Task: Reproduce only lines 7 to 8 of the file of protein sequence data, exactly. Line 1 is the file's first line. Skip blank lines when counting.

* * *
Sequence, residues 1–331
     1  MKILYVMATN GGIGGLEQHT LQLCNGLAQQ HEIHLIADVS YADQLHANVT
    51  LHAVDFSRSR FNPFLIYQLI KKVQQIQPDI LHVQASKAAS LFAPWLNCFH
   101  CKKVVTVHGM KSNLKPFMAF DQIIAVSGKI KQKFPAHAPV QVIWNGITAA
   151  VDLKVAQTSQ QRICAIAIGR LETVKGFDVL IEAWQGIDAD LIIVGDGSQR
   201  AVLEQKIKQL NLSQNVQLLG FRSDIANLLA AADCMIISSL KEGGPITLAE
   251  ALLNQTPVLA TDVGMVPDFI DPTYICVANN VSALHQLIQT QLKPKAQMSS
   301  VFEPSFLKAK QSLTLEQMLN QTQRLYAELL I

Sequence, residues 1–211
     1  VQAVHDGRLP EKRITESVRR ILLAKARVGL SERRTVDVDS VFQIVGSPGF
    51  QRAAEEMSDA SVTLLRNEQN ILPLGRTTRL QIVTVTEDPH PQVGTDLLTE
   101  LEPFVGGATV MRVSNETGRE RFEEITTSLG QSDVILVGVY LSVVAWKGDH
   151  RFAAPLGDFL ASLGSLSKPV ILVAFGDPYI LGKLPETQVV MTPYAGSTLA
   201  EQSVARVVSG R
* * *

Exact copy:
   251  ALLNQTPVLA TDVGMVPDFI DPTYICVANN VSALHQLIQT QLKPKAQMSS
   301  VFEPSFLKAK QSLTLEQMLN QTQRLYAELL I